One of the many benefits of owning a dog, is that you always have someone to blame those unusual smells on. However, some dogs do appear to be particularly gassy. Read on for some hints on how to reduce flatulence in dogs.
Flatulence in dogs could happen for a number of reasons. Swallowed air if not burped up, has to come out somewhere. They can also produce excessive gas due to diet. There are certain foods that should be avoided and a number of options to try before you need to start wearing a gas mask in your own home.
And don’t worry, it is normal to fart, so you will still get the occasional parp. Of course it goes without saying that none of those farts are coming from the lady of the house. Ladies never fart, that one was definitely from the dog.
Why Does My Dog Fart ?
If your dog swallows lots of air while eating, that air has to come out somewhere, either through eructation (burping) or out the southern end. In most cases these farts are odourless. Gases produced by intestinal bacteria are more smelly, but only 1% of intestinal bacteria produces smelly sulphur or methane.
Dogs are not built to directly digest plant fibres, but the bacteria in their intestines breaks this down and gas is a by-product. The bacteria are essential to good gastrointestinal health and allow dogs to utilise nutrients they wouldn’t otherwise be able to access.
If your dog produces lots of farts, take him to his Veterinarian for a check up as there could be something more concerning such as pancreatitis, liver disease, food allergy or a food intolerance that is behind all that wind. I would particularly worry if your dog also gets occasional diarrhea, sometimes refuses to eat or has intermittent vomiting.
Every dog is different and although we can recommend some basic principles here, there is no substitute for tailored Veterinary advice. Be aware that when you go to your Vet they will ask you lots of questions about poo, and don’t worry if we like you to bring in samples for us. We prefer chocolate of course, but we are happy to see what is coming out of your dog rather than just talk about it.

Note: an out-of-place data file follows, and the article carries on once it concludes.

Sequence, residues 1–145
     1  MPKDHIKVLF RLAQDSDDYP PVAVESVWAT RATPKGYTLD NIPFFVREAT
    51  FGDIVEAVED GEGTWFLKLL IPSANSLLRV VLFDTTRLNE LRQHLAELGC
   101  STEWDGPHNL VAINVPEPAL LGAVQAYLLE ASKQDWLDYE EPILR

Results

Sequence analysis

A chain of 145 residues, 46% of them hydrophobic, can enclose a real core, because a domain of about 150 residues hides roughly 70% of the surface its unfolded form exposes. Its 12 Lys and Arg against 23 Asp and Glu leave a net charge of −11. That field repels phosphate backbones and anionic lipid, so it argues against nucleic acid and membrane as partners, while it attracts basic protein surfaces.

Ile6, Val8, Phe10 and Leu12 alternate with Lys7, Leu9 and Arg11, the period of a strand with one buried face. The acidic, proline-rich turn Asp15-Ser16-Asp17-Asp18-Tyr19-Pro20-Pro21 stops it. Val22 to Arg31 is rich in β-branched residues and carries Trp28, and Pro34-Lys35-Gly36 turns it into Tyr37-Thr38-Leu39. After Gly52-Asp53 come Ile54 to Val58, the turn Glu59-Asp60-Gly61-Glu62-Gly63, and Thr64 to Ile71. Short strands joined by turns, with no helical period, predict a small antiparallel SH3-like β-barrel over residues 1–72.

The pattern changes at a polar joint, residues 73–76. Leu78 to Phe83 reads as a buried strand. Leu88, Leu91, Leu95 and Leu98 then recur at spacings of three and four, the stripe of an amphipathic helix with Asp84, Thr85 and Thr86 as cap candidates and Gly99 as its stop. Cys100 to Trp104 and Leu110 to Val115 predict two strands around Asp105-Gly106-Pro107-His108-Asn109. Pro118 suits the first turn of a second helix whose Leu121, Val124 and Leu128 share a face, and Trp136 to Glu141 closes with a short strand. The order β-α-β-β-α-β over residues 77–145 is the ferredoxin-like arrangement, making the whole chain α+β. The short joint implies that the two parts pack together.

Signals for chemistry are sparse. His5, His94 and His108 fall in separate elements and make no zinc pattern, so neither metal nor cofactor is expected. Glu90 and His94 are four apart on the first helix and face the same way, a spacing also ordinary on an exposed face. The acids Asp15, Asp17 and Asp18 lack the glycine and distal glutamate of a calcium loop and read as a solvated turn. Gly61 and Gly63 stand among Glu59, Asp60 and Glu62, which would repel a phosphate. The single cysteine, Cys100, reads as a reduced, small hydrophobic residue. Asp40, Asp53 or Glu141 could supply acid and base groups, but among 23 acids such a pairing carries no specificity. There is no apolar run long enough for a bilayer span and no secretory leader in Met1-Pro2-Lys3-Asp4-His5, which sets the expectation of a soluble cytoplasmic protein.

Eating Too Quickly
If your dog eats like it is going to be taken away from him, he can also ingest air. Feed dogs separately if there are dogs in competition, and split the food into smaller meals. Place an upturned bowl inside a larger bowl, so your dog needs to eat around the bowl and takes smaller mouthfuls.
Alternatively, you could look at a bowls that has projections inside the bowl to slow your dog down. A similar idea if your dog eats dry food, is to place the food in a treat ball.
What your dog eats can result in excessive wind and sometimes mild stomach upsets. If your dog frequently gets lots of variety, leftovers, and table scraps try keeping the diet plain for a few weeks to see if this improves things. Does your dog eat a poor quality diet? A diet high in soy, starches, corn and carbohydrates can favour gas production. Switch to a premium quality dog food with meat as the first ingredient not cereals. As a pleasant side-effect, because these diets are more readily digestible you will also have less waste out the other end.
You can also try switching to a low residue, easily digestible diet (the equivalent to just boiled chicken and white rice) and feed small meals frequently. Some dogs that have developed a mild food intolerance can often go back to a normal diet after 6 months or so, but just need some time off for gut rest. Before you do any diet changes, particularly if you are looking for a long-term solution and are home-cooking, consult with your veterinarian to ensure you are using a balanced diet.
All diet changes should be made gradually over at least 1 week, unless your Veterinarian advises otherwise. Some other ingredients that are known fart-makers are cauliflower, broccoli, peas, beans, cabbage and bread. In particular, any type of bean or legume really will make you pass gas. Lactose from cheese, milk and yoghurt can also cause excessive flatulence. Also avoid Carrageenan, which is a thickener and stabiliser found in many pet foods.
Flatulence in Dogs
Flatulence occurs when gas accumulates in your dog’s intestinal tract and colon. This is a normal process that occurs when bacteria break down certain types of food. While it can be disruptive and disconcerting, it is rarely indication of a severe health problem.